“Dr. Dagogo-Jack has my strongest recommendation. His work not only brings positive recognition to UTHSC and the University of Tennessee, but more broadly, it has national and international impact,” said Steve Schwab, UT Health Science Center chancellor.
Dagogo-Jack directs the Endocrinology Fellowship Training Program and serves as the A.C. Mullins Endowed Professor in Translational Research. He serves on the World Health Organization’s Strategic Planning Committee on Diabetes Mellitus. The National Medical Association named him Internal Medicine Section Physician of the Year and the American Diabetes Association awarded him the Banting Medal for Leadership. He also received the Distinction in Endocrinology Award from the American College of Endocrinology.
- Mina Sartipi, UT Chattanooga, UC Foundation Professor, Computer Science and Engineering
- John Schmisseur, UT Space Institute, Professor and Chair, Mechanical, Aerospace and Biomedical Engineering
- Daniel Simberloff, UT Knoxville, Gore Hunger Professor, Environmental Studies
- Charles Stewart, UT Institute of Agriculture, Ivan Racheff Chair of Excellence, Plant Molecular Genetics
Award honors outreach, engagement and service efforts and programs
Elizabeth Strand, director of veterinary social work and clinical associate professor of biomedical and diagnostic sciences at UT Knoxville, is a pioneer in her field of study and works to educate veterinary professionals nationwide.
Strand developed “veterinary social work” and is the founding director of the UT College of Veterinary Medicine’s veterinary social work program, which is the first of its kind in the world. Her initial discipline vision went from the creation of programs focused on client grief and the importance of human-animal bond to include comprehensive veterinary social work services and related education.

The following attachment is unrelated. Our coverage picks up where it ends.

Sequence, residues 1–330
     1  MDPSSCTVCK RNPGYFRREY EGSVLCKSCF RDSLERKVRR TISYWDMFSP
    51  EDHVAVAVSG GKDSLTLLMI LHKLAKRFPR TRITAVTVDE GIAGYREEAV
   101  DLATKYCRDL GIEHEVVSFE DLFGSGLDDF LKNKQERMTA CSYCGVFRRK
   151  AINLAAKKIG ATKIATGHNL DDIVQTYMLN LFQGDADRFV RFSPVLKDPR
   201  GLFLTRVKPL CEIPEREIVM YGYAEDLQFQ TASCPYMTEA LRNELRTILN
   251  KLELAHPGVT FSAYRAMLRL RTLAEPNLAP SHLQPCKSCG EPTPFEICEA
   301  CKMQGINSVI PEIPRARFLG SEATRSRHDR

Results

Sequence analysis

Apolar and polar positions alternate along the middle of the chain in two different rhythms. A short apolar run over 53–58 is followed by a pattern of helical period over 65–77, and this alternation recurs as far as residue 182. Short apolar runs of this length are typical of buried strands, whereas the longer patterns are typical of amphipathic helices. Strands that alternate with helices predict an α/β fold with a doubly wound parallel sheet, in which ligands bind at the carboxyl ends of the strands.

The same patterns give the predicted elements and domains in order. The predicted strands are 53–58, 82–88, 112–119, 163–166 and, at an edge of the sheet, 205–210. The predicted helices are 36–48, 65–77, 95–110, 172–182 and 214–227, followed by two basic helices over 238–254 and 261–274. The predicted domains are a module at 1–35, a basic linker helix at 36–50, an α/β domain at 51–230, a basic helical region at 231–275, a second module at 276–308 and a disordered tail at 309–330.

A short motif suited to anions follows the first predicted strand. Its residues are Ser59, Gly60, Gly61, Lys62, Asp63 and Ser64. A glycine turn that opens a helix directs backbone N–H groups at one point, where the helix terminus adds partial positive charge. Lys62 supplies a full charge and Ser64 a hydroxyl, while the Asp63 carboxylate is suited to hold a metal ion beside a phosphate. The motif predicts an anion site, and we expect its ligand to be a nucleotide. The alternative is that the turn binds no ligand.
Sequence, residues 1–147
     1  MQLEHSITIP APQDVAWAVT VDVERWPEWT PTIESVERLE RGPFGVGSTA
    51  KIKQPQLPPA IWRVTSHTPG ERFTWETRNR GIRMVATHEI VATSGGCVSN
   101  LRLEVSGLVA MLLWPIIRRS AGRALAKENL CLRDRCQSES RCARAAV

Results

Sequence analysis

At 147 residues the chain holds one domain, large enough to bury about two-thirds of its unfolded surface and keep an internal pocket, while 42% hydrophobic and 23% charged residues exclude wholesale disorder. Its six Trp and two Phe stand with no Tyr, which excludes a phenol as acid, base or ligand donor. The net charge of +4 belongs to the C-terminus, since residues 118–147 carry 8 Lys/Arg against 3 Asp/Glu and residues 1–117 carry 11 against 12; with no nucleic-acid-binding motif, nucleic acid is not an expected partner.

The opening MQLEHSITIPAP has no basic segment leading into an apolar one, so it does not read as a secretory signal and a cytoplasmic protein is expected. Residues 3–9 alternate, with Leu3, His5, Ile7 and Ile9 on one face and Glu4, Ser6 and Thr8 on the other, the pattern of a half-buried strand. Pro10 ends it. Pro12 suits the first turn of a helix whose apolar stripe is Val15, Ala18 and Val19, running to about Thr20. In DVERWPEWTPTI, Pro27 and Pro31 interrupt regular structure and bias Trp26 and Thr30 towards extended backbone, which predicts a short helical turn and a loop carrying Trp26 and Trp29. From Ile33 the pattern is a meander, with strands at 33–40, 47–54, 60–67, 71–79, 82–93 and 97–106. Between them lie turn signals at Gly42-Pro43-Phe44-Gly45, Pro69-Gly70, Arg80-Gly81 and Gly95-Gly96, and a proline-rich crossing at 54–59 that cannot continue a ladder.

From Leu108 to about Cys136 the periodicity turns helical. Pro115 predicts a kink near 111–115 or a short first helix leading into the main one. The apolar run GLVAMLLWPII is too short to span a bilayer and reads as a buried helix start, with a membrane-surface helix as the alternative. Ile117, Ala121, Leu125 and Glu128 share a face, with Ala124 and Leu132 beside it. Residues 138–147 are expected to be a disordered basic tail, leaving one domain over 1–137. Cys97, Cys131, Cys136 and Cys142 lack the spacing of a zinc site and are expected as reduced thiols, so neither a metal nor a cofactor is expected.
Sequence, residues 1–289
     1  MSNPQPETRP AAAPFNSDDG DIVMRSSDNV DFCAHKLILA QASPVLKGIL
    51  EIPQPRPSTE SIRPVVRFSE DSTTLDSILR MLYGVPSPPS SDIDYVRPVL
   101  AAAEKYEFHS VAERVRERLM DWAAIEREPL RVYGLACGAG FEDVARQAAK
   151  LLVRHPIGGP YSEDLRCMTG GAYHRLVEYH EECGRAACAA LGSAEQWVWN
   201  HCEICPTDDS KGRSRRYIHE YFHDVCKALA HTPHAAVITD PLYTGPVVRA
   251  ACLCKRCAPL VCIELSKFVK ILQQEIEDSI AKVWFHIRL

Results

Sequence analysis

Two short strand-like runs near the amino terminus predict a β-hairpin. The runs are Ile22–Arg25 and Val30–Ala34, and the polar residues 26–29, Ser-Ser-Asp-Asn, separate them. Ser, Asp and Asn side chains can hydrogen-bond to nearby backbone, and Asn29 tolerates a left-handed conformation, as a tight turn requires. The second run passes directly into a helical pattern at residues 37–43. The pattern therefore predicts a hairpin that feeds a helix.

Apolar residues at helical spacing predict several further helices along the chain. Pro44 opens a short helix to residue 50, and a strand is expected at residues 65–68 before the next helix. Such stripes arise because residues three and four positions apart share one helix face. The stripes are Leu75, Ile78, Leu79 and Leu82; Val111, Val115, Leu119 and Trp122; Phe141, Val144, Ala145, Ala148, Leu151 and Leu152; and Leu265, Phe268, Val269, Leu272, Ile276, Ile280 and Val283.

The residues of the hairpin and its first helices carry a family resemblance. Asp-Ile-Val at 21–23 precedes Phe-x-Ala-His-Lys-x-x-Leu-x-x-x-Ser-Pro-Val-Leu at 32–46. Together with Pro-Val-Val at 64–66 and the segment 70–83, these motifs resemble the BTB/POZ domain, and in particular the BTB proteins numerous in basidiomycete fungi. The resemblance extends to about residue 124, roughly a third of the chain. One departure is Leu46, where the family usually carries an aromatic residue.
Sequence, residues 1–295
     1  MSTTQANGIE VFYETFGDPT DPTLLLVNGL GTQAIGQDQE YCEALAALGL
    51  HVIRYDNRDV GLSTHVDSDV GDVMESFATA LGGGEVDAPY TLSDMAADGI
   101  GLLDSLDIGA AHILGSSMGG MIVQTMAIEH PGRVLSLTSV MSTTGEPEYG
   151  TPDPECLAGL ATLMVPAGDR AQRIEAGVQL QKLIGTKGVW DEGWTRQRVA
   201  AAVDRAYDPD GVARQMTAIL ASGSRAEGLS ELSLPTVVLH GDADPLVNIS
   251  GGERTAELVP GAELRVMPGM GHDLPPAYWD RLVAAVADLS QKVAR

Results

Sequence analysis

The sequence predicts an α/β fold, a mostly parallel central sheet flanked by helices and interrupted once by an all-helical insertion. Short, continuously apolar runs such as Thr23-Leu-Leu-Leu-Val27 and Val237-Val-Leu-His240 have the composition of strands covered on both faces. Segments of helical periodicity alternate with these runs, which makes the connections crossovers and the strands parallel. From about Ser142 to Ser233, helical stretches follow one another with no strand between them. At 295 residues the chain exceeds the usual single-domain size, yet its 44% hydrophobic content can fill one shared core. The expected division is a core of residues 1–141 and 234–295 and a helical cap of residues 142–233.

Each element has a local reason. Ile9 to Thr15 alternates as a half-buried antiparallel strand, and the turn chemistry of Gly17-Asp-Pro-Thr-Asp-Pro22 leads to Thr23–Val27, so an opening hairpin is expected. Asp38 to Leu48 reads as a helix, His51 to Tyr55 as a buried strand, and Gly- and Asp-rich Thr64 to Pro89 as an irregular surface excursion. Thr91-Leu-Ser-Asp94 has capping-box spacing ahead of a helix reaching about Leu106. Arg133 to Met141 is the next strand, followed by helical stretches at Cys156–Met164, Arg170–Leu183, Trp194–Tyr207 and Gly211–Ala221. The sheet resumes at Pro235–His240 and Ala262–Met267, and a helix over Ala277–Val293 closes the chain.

“She has brought considerable experience to the veterinary social work program and has educated and equipped faculty, staff and students to address and deal with issues of professional grief and human-animal bond loss,” said Tim Cross, chancellor of the UT Institute of Agriculture.
In addition, Strand teaches veterinary teams how to manage compassion fatigue and stress. She recently launched SAVE (Suicide Awareness in Veterinary Education) to educate veterinary professionals and students nationally about mental health issues and raise awareness of the resources available.
“Through her steadfast, focused and relentless work, she has established unbreakable connections between veterinary social work and leading medical organizations,” said Cross. “Her work to make these connections centers firmly on providing people access to wellness healthcare to ensure, as best she can, that people lead balanced, rewarding lives.”